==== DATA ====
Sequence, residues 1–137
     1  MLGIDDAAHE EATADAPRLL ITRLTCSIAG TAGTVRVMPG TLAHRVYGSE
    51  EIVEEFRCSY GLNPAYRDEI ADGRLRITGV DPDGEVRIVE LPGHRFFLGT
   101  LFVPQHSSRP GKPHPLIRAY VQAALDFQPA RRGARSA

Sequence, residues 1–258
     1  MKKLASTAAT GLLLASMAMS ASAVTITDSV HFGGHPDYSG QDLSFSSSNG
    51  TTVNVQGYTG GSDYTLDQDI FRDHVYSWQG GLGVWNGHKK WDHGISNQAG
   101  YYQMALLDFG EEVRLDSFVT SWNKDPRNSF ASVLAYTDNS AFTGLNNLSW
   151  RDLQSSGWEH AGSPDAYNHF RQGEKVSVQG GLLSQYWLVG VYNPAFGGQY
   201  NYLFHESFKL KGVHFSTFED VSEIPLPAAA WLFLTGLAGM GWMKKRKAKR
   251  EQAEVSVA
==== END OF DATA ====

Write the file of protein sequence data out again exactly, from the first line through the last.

Sequence, residues 1–137
     1  MLGIDDAAHE EATADAPRLL ITRLTCSIAG TAGTVRVMPG TLAHRVYGSE
    51  EIVEEFRCSY GLNPAYRDEI ADGRLRITGV DPDGEVRIVE LPGHRFFLGT
   101  LFVPQHSSRP GKPHPLIRAY VQAALDFQPA RRGARSA

Sequence, residues 1–258
     1  MKKLASTAAT GLLLASMAMS ASAVTITDSV HFGGHPDYSG QDLSFSSSNG
    51  TTVNVQGYTG GSDYTLDQDI FRDHVYSWQG GLGVWNGHKK WDHGISNQAG
   101  YYQMALLDFG EEVRLDSFVT SWNKDPRNSF ASVLAYTDNS AFTGLNNLSW
   151  RDLQSSGWEH AGSPDAYNHF RQGEKVSVQG GLLSQYWLVG VYNPAFGGQY
   201  NYLFHESFKL KGVHFSTFED VSEIPLPAAA WLFLTGLAGM GWMKKRKAKR
   251  EQAEVSVA